Two Coaches Embrace
A Relationship Transcends Wins And Loses
by Eric Elkin
Mike Kryzewski and Johnny Dawkins did not look like two opposing coaches when they met each other at the scorers' table this past Sunday. It looked more like a father and son greeting each other after a long absence. The affection these two coaches have for each other was unmistakable and refreshing.
Soon after the embrace, Kryzewski’s Duke basketball team played Johnny Dawkins’ University of Central Florida squad in an epic NCAA battle. A game, which once again, saw Duke pull out a miracle as they always seem to do.
In the last 36 years, the Duke basketball team has only had one losing season. It was the year Coach K got sick and took a leave of absence. 36 years of winning overshadow the coach's early failures at Duke.
When Duke hired Mike Kryzewski, he inherited a program that went 24-9 and finished ranked #14 in the nation. However, under Coach K’s leadership, the team's performance declined in each of his first three seasons. After his third year, a season which ended with an 11-17 record, the Duke athletic director was seriously contemplating firing the young coach. Fans would have supported the move.
There was one thing standing in the way of sealing the coach’s fate. A young freshman named, Johnny Dawkins. During that 11-17 season, Dawkins averaged 18 points a game and was clearly a standout. He was joined by three other freshman stars — Jay Bilas, Mark Alaire and Dave Henderson. By the time these four players were seniors, the Duke basketball team was 37-3 and lost in the NCAA National Final game.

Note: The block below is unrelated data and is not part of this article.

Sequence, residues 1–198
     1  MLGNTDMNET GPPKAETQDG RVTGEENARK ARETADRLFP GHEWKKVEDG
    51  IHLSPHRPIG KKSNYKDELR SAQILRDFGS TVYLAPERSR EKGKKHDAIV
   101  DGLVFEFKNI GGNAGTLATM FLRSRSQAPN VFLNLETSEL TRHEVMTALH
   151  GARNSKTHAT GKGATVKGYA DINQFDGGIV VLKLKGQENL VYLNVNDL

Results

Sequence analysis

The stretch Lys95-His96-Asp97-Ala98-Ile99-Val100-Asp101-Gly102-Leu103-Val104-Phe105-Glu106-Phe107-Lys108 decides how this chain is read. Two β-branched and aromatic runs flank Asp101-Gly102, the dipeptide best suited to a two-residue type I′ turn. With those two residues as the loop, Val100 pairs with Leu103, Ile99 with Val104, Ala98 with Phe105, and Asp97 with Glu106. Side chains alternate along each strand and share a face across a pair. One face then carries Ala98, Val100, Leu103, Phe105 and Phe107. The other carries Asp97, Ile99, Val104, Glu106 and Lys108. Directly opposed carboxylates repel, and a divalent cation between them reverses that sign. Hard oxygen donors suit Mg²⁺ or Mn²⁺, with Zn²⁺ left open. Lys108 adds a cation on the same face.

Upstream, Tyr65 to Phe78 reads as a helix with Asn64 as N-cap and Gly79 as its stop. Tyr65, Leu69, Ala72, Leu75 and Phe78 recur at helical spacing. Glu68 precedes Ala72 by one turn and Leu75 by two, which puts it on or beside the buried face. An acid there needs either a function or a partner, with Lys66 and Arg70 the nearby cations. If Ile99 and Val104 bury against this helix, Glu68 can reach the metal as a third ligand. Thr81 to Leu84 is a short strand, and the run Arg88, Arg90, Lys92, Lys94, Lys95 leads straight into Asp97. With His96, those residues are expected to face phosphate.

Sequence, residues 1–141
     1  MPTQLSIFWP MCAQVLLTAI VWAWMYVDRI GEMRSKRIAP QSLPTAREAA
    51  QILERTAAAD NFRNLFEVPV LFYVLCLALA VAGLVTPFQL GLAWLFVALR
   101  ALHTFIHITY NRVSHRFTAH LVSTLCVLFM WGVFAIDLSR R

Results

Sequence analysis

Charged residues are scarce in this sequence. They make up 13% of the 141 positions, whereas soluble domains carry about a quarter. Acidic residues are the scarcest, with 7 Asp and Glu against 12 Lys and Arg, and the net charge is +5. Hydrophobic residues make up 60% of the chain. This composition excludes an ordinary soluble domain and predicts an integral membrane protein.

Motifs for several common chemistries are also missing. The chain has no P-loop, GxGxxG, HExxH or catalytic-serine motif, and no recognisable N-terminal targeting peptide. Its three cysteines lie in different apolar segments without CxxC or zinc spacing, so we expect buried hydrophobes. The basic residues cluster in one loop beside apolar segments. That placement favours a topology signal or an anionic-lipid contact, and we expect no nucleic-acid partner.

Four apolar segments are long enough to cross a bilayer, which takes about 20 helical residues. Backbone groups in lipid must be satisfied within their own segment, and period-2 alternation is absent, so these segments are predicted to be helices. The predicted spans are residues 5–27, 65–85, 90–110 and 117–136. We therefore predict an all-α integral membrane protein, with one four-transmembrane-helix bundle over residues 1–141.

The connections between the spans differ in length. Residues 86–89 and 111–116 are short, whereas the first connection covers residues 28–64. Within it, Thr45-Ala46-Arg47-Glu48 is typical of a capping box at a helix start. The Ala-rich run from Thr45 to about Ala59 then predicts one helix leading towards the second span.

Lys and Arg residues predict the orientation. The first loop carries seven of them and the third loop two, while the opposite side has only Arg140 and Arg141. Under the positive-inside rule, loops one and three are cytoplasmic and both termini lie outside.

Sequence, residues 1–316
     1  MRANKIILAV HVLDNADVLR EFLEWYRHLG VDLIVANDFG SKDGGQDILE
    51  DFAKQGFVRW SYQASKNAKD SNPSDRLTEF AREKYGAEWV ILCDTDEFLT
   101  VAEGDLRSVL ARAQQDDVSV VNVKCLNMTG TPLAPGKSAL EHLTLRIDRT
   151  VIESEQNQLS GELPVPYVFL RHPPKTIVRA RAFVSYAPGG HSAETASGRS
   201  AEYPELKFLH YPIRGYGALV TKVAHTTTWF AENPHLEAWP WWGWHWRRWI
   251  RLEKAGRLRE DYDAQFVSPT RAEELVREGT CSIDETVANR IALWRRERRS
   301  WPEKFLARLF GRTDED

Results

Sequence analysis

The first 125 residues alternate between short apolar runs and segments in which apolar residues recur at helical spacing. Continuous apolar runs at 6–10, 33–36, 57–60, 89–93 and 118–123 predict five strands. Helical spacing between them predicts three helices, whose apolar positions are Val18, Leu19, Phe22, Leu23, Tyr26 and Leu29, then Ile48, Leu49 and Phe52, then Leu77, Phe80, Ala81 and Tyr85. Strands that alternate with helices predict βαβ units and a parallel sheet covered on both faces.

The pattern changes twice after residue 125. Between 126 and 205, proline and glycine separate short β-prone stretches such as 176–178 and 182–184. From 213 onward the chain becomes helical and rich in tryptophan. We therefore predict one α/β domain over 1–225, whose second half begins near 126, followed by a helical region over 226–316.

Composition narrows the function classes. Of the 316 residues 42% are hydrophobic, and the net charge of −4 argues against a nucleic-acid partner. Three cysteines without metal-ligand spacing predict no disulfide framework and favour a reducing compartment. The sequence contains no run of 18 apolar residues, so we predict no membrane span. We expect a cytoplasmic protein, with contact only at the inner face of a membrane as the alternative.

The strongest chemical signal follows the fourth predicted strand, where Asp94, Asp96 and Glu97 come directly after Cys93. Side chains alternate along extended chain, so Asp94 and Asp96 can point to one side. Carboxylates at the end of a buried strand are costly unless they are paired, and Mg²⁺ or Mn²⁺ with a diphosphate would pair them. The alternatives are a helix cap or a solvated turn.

Years ago, I wrote an article about Mike Kryzewski’s first three years at Duke. In the article, I wrote, “In the past 25 years our appreciation for growing into something has been replaced by a pressing concern for immediate success. Our emphasis on immediate success has become a demand for perfection.” Today, we expect perfection, demand perfection and will not be satisfied with anything, but perfection.
This approach to life is not limited to sports. It filters down into people’s expectation of elected officials, doctors, and even pastors. Some parents even expect perfection out of their children. Faith works with a different ethic. We know from infancy through adulthood, people have losing streaks. At the same time, we also know love has a way of creating beauty in the midst of losing.
Happy are those whose transgression is forgiven. Eugene Peterson's translation of this verse is more fitting to UCF coach, Johnny Dawkins. Peterson wrote, “How happy you must be—you get a fresh start, your slate’s wiped clean.” Before taking the job at UCF, Dawkins was fired at Stanford after several good years. UCF was his fresh start and a new beginning.
At the end of the game, the two friends embraced once again. Their second embrace was even more emotional than their first. They had battled in a world where one wins, and one loses. But their love for each other transcended this definition. These two coaches know “happy are those who transgressions are forgiven” and forgotten.
Click to read Psalm 32
How often do you feel perfection is expected of you?
When is that expectation of perfection self-inflicted?
How forgiveness free you to fail?
How can failing lead to success?